- Immediate changes that would protect consumers from Internal Revenue Service penalties during the pandemic and restore anti-discrimination protections;
- Remove enrollment disincentives for legal immigrants;
- Eliminate the double-billing requirement for non-Hyde abortions;
- Protect the integrity of the individual insurance market; and
- Rescind 2018 federal guidance on 1332 waivers to ensure that all coverage available through the waivers is as comprehensive and affordable as the ACA’s.
Public option: Biden proposes a federal public option, offered through the health insurance marketplaces, that would have the purchasing power to ensure affordable prices and be available to the individual market and employees for whom employer coverage is too costly. The public option would auto-enroll individuals with incomes up to 138 percent of the FPL. States that have expanded Medicaid would have the option of moving individuals into a premium-free public option plan or keeping them in Medicaid.
Complementary state strategies: Washington State has enacted a public option, which is offered on its exchange, that is currently being phased in. New Mexico and Colorado have attempted the same. At issue is how to make sure the plans provide a competitive pricing advantage. NASHP has developed a hospital cost tool to help state officials easily evaluate hospital finances. The tool also provides information to inform discussions about how to set hospital prices as a percent of Medicare under a public option. The Biden Administration has broad authority to use funding through the Center for Medicare & Medicaid Innovation to advance public options and approve 1332 or Medicaid waivers that could support different models, including a Medicaid buy-in initiative.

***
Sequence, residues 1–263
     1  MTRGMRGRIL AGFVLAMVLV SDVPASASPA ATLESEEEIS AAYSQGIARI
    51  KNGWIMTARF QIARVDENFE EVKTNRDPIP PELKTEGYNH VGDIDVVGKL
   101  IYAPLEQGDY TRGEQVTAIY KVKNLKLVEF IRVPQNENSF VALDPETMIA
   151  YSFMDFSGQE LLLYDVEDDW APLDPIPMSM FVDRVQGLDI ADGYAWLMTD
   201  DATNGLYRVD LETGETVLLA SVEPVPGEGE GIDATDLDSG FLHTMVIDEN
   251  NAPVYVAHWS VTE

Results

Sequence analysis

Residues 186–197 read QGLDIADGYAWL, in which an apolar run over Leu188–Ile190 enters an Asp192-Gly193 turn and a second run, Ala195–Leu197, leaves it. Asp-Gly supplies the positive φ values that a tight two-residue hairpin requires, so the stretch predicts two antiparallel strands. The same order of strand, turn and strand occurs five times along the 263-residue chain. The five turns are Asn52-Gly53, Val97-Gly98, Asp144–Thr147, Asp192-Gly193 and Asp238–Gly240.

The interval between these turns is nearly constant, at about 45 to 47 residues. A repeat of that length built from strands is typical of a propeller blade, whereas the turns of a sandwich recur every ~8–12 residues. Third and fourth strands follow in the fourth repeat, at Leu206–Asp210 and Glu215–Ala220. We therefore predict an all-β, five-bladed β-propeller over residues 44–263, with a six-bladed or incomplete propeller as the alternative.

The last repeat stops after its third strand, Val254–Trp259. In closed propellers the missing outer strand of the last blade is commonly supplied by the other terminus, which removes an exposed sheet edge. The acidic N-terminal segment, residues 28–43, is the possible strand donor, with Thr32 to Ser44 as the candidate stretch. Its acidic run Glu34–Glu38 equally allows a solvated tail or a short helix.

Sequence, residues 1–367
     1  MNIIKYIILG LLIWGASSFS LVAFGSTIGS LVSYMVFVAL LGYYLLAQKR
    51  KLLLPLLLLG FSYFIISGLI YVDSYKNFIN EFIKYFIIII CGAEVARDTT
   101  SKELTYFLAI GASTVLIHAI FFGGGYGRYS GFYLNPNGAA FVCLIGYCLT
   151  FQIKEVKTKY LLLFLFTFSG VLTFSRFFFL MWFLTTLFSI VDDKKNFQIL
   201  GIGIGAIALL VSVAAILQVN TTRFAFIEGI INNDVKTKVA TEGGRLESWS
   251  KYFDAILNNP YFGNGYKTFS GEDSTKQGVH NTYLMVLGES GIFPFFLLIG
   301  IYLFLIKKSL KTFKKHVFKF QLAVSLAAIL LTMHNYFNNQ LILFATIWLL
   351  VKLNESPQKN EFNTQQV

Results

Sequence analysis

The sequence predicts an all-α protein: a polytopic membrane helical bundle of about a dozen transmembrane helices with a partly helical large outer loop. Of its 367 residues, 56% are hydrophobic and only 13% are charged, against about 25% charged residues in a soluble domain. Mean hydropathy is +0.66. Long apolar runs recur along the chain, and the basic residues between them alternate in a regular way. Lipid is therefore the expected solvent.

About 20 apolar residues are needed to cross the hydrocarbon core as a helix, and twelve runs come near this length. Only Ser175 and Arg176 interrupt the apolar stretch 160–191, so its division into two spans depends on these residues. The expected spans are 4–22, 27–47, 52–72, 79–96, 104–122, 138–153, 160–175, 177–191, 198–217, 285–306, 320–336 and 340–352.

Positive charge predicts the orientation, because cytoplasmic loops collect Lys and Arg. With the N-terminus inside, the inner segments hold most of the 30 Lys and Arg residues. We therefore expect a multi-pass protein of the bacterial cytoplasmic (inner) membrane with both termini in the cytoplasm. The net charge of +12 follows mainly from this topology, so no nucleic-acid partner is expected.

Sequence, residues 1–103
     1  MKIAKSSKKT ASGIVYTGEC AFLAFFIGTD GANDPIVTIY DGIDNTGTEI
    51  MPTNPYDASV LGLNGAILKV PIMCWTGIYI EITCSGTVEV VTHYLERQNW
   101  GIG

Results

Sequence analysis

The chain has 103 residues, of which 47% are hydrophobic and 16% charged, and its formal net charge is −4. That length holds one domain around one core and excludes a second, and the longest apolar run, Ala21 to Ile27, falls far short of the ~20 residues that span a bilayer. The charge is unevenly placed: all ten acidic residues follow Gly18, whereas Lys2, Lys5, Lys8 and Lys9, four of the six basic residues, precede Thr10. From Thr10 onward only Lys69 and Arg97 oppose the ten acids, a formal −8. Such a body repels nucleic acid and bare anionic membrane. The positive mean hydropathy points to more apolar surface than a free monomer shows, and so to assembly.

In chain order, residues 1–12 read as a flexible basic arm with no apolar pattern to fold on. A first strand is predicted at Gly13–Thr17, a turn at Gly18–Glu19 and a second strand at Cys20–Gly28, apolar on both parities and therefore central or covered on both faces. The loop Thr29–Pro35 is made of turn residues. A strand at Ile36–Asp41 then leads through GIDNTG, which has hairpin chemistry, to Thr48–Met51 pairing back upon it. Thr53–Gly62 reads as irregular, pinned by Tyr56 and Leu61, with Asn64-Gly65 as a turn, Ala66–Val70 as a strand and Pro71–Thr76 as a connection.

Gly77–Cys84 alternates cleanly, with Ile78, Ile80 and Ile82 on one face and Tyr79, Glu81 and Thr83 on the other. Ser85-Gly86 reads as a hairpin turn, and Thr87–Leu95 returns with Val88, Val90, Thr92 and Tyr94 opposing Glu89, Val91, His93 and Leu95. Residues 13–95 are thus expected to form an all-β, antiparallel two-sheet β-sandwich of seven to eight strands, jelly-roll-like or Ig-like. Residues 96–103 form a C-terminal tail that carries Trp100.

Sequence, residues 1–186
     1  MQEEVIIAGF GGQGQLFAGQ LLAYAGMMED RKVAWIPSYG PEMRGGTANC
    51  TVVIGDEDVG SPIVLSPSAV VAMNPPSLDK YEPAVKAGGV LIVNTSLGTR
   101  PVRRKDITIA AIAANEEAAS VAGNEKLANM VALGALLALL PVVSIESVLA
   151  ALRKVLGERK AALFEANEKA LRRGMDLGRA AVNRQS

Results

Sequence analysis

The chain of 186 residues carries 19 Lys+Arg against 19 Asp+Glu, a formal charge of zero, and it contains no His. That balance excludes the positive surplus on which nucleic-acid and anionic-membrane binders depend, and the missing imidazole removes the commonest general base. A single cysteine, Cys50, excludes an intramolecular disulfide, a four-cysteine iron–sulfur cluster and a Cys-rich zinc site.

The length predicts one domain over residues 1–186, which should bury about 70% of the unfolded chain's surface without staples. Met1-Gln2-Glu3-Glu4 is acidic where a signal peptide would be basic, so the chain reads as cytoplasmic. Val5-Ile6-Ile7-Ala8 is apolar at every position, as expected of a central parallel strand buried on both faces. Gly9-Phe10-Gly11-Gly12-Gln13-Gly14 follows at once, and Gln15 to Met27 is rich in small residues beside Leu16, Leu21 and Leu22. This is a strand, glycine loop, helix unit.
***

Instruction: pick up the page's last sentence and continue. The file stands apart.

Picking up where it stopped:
Impact on Prescription Drug Pricing
Negotiate Medicare drug prices: The Biden plan seeks legislative authorization to use Medicare’s purchasing power to negotiate drug pricing using a model similar to Germany’s, in which insurers and manufacturers negotiate ceiling prices based on comparative effectiveness research or else face binding arbitration.
Limit launch prices for drugs without competition or that are abusively priced. An independent review would determine the value of specialty, high-cost drugs and recommend a price similar to those found in other countries. Medicare, private plans operating in the marketplace, including the public option, would have access to these prices